# Basic Electronics: Transistor confusion

• thegreengineer
In summary, the textbook says current flows from the emitter to the base and then to the collector, but the drawing seems to say that it should go in the opposite direction. The text also says that two resistors are used to prevent the transistor from overheating, but the current is flowing first to the transistor and then to the resistor, which is not what the drawing says.
thegreengineer
So, recently I started learning about electronic components and then I started learning about semiconductors. The one which I've been having some real trouble to understand its function is the transistor.
So I bought an electronics textbook called El ABC de La Electrónica (The ABC of Electronics in Spanish) to check how it actually works; as well to learn more about electronics.
My doubt focuses on a couple of drawings of how a NPN transistor (BJT type) works:

This drawing basically represents the how electric current would travel across the transistor if this were connected to two 10 V batteries, however I got confused on this because how does current flow from the emitter (emisor) to the base and at the same time how does it flow from the emitter to the collector? Also the text says that two resistors were used to prevent the transistor from overheating but the current is flowing first to the transistor and then to the resistor according to what the drawing says; or should it be in the other way otherwise? I need to solve this doubt because I really want to learn electronics and if I don't learn how to properly use the transistor then I won't be able to make proper circuits.

Sorry for the Spanish text, but I'm from Mexico and really this is the closest thing I've seen that helps me even that I still don't solve entirely my doubts.

Thanks.

MarcusAu314 said:
how does current flow from the emitter (emisor) to the base and at the same time how does it flow from the emitter to the collector?
Where do you see a problem here?
MarcusAu314 said:
Also the text says that two resistors were used to prevent the transistor from overheating but the current is flowing first to the transistor and then to the resistor according to what the drawing says; or should it be in the other way otherwise?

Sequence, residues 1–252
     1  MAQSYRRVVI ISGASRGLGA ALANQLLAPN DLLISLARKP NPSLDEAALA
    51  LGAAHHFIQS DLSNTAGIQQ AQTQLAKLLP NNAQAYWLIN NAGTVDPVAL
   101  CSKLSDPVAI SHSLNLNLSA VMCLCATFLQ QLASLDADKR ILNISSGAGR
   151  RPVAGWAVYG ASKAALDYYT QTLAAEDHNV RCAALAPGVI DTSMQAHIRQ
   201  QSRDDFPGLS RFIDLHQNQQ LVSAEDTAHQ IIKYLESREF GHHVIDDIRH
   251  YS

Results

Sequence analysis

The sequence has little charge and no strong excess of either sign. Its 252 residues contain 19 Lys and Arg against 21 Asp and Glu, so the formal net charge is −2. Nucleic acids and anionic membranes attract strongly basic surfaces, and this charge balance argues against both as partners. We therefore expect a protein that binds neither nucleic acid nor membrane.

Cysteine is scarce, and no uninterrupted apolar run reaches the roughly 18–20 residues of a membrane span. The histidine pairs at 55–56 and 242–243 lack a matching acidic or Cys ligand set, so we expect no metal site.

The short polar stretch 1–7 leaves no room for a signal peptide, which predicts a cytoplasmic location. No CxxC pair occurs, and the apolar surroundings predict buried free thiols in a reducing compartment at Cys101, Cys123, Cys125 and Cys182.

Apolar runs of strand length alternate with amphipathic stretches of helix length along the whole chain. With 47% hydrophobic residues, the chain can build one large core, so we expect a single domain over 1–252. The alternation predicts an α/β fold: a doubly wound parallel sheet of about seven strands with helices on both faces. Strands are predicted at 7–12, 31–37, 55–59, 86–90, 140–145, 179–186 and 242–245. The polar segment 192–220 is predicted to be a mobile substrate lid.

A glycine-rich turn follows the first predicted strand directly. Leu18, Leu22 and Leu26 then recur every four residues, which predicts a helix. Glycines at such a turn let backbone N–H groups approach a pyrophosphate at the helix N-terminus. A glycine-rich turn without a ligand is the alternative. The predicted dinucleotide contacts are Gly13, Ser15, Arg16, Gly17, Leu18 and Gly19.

If you want to limit currents, the order does not matter. In a circle, current flow is the same everywhere. In this setup, the order matters a bit because a resistor directly at the emitter would influence both current circles.

thegreengineer
thegreengineer

## 1. What is a transistor and how does it work?

A transistor is a semiconductor device that can amplify or switch electronic signals. It consists of three layers of doped material, known as the emitter, base, and collector. By applying a small current to the base, a much larger current can be controlled between the emitter and collector, allowing for signal amplification.

## 2. What is the difference between NPN and PNP transistors?

NPN and PNP transistors are two types of bipolar junction transistors (BJTs). The main difference between them is the direction of the current flow. In an NPN transistor, current flows from the collector to the emitter, while in a PNP transistor, current flows from the emitter to the collector.

## 3. How do I choose the right transistor for my circuit?

There are several factors to consider when choosing a transistor for your circuit, such as the required voltage, current, and frequency of operation. You also need to consider the gain, power dissipation, and temperature range. It is best to consult a datasheet or seek advice from an experienced electronics engineer.

## 4. What is the purpose of biasing a transistor?

Biasing a transistor means applying a steady voltage or current to the base of the transistor to keep it in its active region. This allows the transistor to amplify a signal without distortion. Biasing also helps to stabilize the operating point of the transistor, ensuring that it remains in the desired mode of operation.

## 5. Can I use a transistor as a switch?

Yes, transistors can be used as switches. By controlling the current on the base of the transistor, you can turn it on or off, allowing or blocking the flow of current between the collector and emitter. This is commonly used in digital circuits to control the flow of electricity.

Replies
3
Views
1K
Replies
68
Views
4K
Replies
5
Views
3K
Replies
16
Views
5K
Replies
19
Views
2K
Replies
11
Views
2K
Replies
60
Views
13K
Replies
10
Views
1K
Replies
19
Views
5K
Replies
7
Views
2K